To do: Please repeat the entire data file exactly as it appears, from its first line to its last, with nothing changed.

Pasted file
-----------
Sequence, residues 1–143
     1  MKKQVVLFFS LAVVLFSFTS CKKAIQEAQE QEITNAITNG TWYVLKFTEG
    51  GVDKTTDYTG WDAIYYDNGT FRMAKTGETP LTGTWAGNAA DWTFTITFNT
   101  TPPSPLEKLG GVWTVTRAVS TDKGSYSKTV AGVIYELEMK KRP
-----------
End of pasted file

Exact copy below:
Sequence, residues 1–143
     1  MKKQVVLFFS LAVVLFSFTS CKKAIQEAQE QEITNAITNG TWYVLKFTEG
    51  GVDKTTDYTG WDAIYYDNGT FRMAKTGETP LTGTWAGNAA DWTFTITFNT
   101  TPPSPLEKLG GVWTVTRAVS TDKGSYSKTV AGVIYELEMK KRP